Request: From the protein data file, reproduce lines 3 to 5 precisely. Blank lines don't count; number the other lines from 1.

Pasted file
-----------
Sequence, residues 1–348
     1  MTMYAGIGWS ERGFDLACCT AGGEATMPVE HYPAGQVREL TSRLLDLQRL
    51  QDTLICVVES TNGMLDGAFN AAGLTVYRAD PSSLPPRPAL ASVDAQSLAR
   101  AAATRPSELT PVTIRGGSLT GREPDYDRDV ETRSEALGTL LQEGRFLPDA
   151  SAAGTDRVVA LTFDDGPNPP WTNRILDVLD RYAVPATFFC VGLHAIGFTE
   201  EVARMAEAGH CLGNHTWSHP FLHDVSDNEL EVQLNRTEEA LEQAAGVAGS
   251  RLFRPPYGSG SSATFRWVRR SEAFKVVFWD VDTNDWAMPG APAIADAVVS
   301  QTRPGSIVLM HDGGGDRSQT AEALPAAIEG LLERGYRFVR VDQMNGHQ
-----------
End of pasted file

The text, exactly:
    51  QDTLICVVES TNGMLDGAFN AAGLTVYRAD PSSLPPRPAL ASVDAQSLAR
   101  AAATRPSELT PVTIRGGSLT GREPDYDRDV ETRSEALGTL LQEGRFLPDA
   151  SAAGTDRVVA LTFDDGPNPP WTNRILDVLD RYAVPATFFC VGLHAIGFTE